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The Museum houses one of the largest collections of Egyptian and Nubian material in the United States, with more than 42,000 items. Assembled through nearly a century of archaeological research, this collection is unusual in that a majority of the objects were obtained through archaeological investigations in Egypt. Because the museum has worked at a wide range of sites (provincial and royal cemeteries, palaces, temples, towns, sanctuaries and settlements), the collection spans ancient Egypt's entire history, from the Predynastic Period (circa 4000 BCE through the Greco-Roman Period and into the Coptic Period (ending in the 7th century CE). It also includes a large number of material categories, such as architecture, statuary, minor arts, domestic artifacts, textiles, papyri, pottery, tools, jewelry, weapons, funerary objects and human remains.
A major part of the collection, however, results from excavations sponsored by the Penn Museum. The Museum sponsored excavations in settlements and cemeteries in Nubia; at Egypt's ancient capital city of Memphis (Mit-rahina); in the cemeteries at Dendera, Giza, Dra' Abu el-Naga (near Thebes), and Meidum; and at the major cult center of Abydos, among others. Before originating its own excavations, the Penn Museum contributed funding to support the work of the Egypt Exploration Fund (later Egypt Exploration Society), a British organization responsible for archaeological excavations throughout Egypt. In particular, it funded the work of Sir William M. Flinders Petrie, one of the foremost archaeologists working in Egypt at the time. As a result, the Museum obtained a significant portion of the material awarded to this project by the Egyptian government. Among the most important artifacts are the Predynastic and Early Dynastic remains, which document the earliest periods of Egyptian history and the formation of the unified state.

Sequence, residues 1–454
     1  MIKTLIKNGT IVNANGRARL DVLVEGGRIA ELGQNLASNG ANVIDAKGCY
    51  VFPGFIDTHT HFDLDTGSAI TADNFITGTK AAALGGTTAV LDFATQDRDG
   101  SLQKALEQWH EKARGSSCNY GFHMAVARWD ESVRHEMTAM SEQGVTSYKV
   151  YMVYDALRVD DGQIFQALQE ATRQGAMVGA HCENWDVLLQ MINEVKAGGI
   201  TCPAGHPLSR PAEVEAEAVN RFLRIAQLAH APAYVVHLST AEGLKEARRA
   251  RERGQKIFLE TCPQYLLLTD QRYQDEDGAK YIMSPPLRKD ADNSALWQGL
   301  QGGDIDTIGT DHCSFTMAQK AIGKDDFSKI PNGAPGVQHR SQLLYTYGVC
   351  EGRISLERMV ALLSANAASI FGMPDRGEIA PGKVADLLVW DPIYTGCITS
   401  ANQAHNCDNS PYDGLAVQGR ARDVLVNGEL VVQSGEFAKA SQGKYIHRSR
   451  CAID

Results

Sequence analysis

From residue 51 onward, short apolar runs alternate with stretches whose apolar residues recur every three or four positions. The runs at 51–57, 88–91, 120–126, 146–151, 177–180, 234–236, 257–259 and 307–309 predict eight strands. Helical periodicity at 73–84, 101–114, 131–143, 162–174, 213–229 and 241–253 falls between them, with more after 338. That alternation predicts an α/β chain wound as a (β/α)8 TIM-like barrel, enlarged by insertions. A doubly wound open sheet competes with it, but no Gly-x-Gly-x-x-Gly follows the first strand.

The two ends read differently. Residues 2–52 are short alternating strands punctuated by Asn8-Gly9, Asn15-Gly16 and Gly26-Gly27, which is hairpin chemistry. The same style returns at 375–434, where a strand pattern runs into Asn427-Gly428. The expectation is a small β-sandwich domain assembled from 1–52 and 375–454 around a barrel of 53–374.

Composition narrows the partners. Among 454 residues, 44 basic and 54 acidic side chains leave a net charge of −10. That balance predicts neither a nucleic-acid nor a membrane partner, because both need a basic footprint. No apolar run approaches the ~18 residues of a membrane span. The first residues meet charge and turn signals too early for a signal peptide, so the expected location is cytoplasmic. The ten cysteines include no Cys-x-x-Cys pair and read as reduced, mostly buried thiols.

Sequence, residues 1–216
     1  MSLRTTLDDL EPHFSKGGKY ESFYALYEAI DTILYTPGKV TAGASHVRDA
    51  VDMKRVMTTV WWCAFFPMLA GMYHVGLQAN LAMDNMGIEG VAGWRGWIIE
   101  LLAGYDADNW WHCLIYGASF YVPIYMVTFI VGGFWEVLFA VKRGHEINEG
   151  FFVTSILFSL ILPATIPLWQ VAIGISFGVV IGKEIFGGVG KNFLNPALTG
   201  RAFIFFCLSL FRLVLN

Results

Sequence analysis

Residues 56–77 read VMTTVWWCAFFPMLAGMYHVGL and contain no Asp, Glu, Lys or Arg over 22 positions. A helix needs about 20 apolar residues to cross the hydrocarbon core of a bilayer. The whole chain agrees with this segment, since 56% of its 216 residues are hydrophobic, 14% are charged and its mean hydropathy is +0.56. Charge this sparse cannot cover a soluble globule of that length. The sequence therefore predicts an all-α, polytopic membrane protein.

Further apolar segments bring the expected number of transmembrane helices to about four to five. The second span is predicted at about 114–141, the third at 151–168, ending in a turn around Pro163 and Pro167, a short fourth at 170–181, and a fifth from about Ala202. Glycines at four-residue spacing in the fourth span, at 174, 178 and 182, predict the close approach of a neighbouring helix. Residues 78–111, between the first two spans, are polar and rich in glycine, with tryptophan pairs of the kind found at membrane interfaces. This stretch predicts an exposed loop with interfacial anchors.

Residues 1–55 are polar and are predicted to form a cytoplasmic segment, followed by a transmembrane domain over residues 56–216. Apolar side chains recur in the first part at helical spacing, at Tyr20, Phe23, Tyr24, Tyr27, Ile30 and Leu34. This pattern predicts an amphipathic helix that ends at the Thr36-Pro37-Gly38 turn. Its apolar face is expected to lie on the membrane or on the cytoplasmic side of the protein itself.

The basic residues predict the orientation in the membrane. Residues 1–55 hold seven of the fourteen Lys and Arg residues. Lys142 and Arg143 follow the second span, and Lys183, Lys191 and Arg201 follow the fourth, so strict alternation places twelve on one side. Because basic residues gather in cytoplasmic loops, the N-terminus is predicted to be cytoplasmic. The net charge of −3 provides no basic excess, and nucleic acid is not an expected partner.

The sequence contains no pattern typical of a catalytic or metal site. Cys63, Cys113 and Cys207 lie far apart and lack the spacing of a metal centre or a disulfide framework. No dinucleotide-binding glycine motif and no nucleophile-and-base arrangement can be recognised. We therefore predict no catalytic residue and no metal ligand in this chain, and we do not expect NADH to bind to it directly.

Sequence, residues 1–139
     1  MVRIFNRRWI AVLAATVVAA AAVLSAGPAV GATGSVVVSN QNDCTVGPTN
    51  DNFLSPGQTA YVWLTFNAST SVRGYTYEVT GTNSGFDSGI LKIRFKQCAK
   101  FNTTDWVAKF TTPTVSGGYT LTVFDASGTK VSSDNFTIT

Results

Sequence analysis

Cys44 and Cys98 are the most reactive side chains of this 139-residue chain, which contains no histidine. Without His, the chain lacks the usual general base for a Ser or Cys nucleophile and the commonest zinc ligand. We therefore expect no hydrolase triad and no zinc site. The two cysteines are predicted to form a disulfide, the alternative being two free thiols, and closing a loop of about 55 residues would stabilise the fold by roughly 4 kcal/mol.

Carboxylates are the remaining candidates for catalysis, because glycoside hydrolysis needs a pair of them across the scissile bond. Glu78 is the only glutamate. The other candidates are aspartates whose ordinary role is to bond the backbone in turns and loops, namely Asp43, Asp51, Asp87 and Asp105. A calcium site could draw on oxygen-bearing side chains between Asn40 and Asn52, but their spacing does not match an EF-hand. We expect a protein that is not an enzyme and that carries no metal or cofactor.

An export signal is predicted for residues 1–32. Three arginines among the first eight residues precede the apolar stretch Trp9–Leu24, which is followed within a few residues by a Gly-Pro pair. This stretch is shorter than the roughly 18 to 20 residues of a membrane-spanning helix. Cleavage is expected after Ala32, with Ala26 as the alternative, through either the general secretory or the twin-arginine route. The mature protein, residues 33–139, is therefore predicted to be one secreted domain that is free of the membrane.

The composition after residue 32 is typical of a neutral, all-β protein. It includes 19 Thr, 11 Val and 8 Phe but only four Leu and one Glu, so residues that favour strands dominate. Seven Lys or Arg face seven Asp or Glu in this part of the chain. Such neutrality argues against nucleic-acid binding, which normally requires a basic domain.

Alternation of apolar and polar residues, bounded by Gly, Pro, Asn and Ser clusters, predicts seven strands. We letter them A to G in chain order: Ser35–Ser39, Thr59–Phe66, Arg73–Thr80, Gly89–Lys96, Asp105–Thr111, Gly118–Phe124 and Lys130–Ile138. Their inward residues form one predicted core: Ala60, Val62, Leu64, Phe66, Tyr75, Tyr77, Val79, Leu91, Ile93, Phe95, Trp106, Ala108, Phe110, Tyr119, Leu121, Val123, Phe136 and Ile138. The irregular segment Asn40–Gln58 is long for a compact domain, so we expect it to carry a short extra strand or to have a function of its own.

Since its inception, the University of Pennsylvania Museum of Archaeology and Anthropology has supported a strong program of research and excavation in the Mediterranean world. Highlights include an emergency underwater excavation of a shipwreck off Porticello, Italy, (dating between 415 and 385 BCE); the Greek colony of Sybaris, Italy (founded around 720 BCE); the settlement and surroundings of Vrokastro, Crete (Middle Minoan, with a reoccupation from about 1250 BCE to the 7th century BCE)); the city and cemeteries of Kourion, Cyprus (Late Bronze Age into the Hellenistic and Roman periods); a merchant vessel shipwreck off Kyrenia, Cyprus (4th century BCE)); Gordion, Turkey, once ruled by the famed King Midas (Early Bronze Age into the Roman period); and the Extramural Sanctuary of Demeter and Persephone at Cyrene, Libya (ca. 600 BCE) until the mid third century CE).